I am happy to have finally developed an exhibit which I feel is a true contribution to the transactive genre. (i will bet i am actually not first though…)

    i encourage you to try the Jumbo Foam Blocks exhibit for yourself! Here is how we made them:
    the aspect ratio of the blocks is: 1 × 2 × 4
    the dimensions are: 4″ × 8″ × 16″
    there approximately 500 blocks

    the 4" foam is 3m Foamular 260 and was purchased in 4′ × 8′ sheets from Home Depot

    260 is the densest, but longest lasting foam

    While numerous ways could be devised to cut the blocks, I simply created a fixture for the band saw and we ripped the material. The fixture consisted an eight inch fence combined with a partial sheet set as a runout table.

    It turns out this is a stock item, but you may need to contact Home Depot’s local warehouse directly… it is always a PIA to do anything out of the ordinary with HD, but stick it out, the blocks are worth it!!

    downsides:
    blocks wear quickly, somewhat messily – based on user traffic and style- may be considered consumable (current traffic about 2,000 guests in museum/day. i assume wear will decrease as traffic declines after opening. my original goal was to create an exhibit for a five week run)

    Many thanks to Paul Tatter, Karen Wilikinson, and Mike Petrich, for turning me on to this way of thinking about exhibits (and stuff in general) and my many other museum friends for helping me learn notice ideas as they come along. Thanks also to my staff Nina Santos, Trent Bowman, George Pechmann and Collin Walsh for all your hard work on this and other ideas, and of course my bosses Mike Washburn and Blake Wigdahl – particularly for letting me spend some money on a crazy untested idea!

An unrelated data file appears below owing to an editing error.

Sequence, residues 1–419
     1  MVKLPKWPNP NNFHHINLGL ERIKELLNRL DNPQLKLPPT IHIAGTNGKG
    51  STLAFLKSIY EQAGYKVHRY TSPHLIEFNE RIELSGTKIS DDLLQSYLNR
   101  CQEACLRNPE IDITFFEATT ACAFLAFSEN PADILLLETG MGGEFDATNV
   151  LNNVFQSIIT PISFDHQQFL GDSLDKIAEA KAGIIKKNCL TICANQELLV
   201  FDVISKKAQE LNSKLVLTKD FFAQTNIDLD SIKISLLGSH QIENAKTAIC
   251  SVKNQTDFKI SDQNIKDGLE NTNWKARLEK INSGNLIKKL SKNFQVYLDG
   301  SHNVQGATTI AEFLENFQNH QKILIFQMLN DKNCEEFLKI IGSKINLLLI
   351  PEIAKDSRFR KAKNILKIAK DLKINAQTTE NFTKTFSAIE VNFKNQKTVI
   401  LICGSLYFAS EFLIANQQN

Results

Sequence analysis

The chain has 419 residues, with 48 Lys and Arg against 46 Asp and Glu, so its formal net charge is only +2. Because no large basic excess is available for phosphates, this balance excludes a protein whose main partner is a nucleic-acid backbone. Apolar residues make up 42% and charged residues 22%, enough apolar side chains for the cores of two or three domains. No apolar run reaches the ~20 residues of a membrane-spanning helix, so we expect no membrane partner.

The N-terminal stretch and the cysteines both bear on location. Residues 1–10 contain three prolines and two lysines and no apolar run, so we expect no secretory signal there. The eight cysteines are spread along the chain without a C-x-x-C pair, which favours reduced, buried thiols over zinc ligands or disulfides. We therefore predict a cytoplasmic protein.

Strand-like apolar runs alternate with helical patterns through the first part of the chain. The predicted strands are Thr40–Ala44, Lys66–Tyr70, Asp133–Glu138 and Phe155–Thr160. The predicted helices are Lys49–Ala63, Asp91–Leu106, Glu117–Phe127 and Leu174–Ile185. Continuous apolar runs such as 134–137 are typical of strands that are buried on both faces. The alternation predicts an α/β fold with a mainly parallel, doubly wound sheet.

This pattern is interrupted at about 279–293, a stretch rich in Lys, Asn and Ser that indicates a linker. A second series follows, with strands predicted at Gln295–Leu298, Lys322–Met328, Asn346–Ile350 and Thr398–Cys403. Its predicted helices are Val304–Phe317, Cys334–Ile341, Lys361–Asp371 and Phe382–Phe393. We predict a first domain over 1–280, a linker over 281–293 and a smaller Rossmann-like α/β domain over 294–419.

• Exhibit Opened: May 2014

  • Location: Lehi , UT, United States

  • Estimated Cost: Less than $5,000 (US)

Latest Comments (3)

Nice and Simple

by Eric Siegel - August 13, 2014

Amazing it took people like David Rockwell and David Stroud to remind us the building with blocks is awesome. We have had the rockwell blocks at NYSCI for a long time, we helped Rockwell prototype, and they are a nice, if slightly upscale and significantly more expensive, variation on this theme. Two things that are good about Rockwell’s blocks is that they are made for outdoors which is very cool, and that they have interesting and subtly provocative shapes. They also last for about a year of pretty heavy use before they start to disintegrate. Not sure exactly what they are made of.

Thanks so much for posting this Dave!

Flame Retardant

by Jason jay Stevens - August 13, 2014

“blocks wear quickly, somewhat messily”
Insulation foam is made of styrene treated with a bromide flame retardant. This chemical is regarded persistent, bioaccumulative and toxic, and, like BPA, has become a chemical of concern for various regulatory agencies around the world.
And it’s in everything! A lot of our furniture and a lot of stuff made for babies–from toys to linens–has it. So right now it’s legal and we’re all extensively exposed.
There are higher density styrene foams you can get from industrial suppliers (imagination playground sets use a high density foam they say is biodegradable–there are styrenes in nature afterall). Colors aren’t a standard option, particular tooling is necessary to get clean cuts, plus the only thing more expensive to ship than foam is air. So the drawback is $.
I have memories from preschool of playing with cardboard boxes decorated to look like bricks. That was a long time ago!

Krazy Kat

by Jason jay Stevens - August 14, 2014

Loaves of stale corn bread…the perfect alternative!